CAMBRIDGE, Massachusetts: After the 2008 global financial crisis, governments and central banks in advanced economies vowed that they would never again let the banking system hold policy hostage, let alone threaten economic and social well-being.
Thirteen years later, they have only partly fulfilled this pledge. Another part of finance now risks spoiling what could be – in fact, must be – a durable, inclusive, and sustainable recovery from the horrid COVID-19 shock.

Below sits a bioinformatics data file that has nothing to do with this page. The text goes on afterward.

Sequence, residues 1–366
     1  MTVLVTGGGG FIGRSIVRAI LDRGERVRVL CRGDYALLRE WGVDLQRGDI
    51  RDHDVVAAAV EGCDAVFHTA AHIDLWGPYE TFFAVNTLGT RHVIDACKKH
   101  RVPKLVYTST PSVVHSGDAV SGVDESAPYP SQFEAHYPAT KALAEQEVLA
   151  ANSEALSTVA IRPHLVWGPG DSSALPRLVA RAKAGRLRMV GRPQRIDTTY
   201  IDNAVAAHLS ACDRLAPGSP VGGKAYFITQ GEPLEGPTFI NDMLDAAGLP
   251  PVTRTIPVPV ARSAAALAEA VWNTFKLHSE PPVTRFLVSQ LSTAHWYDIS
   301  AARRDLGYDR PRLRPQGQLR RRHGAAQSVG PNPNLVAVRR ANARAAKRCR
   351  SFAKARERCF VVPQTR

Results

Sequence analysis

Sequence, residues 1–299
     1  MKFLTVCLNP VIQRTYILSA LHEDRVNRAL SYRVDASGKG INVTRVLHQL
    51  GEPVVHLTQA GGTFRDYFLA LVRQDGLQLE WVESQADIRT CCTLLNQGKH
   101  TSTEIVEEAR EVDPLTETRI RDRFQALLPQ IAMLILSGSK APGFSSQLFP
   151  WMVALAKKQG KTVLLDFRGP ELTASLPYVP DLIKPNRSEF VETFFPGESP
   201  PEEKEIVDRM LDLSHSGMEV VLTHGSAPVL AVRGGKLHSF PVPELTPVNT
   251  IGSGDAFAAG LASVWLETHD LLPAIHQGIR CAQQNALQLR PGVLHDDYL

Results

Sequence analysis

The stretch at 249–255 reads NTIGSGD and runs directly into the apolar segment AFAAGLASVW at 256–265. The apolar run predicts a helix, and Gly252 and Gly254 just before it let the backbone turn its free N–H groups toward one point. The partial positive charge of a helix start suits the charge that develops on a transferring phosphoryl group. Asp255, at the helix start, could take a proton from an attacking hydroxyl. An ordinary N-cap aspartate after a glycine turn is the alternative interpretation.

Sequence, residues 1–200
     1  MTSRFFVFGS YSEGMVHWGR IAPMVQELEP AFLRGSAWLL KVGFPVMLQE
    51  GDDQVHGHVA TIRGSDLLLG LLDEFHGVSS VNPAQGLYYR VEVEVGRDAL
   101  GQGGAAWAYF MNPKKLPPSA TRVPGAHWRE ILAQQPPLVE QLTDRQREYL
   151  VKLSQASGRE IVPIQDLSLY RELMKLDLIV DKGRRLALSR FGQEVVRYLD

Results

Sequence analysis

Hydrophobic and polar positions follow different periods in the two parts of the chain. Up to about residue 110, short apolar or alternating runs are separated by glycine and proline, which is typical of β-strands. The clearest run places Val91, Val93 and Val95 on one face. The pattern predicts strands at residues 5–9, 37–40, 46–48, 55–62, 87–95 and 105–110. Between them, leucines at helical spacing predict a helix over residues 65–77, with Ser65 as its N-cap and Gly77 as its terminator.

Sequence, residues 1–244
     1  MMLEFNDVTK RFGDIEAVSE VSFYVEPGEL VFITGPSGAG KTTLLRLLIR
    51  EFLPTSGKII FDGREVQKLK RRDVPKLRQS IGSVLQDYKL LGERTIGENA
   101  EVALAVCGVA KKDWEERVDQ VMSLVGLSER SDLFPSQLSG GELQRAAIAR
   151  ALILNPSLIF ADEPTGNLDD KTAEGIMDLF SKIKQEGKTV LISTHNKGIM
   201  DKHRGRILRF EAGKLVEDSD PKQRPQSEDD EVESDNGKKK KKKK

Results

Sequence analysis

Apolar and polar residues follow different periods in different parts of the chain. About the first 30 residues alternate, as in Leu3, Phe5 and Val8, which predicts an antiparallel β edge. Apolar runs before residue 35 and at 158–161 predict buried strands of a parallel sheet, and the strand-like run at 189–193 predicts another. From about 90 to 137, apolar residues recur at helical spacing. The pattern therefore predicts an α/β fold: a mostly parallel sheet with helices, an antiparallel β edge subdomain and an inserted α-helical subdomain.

The story of the 2008 crisis has been told many times. Dazzled by how financial innovations, including securitisation, enabled the slicing and dicing of risk, the public sector stepped back to give finance more room to work its magic.
Some countries went even further than adopting a “light-touch” approach to bank regulation and supervision, and competed hard to become bigger global banking centres, irrespective of the size…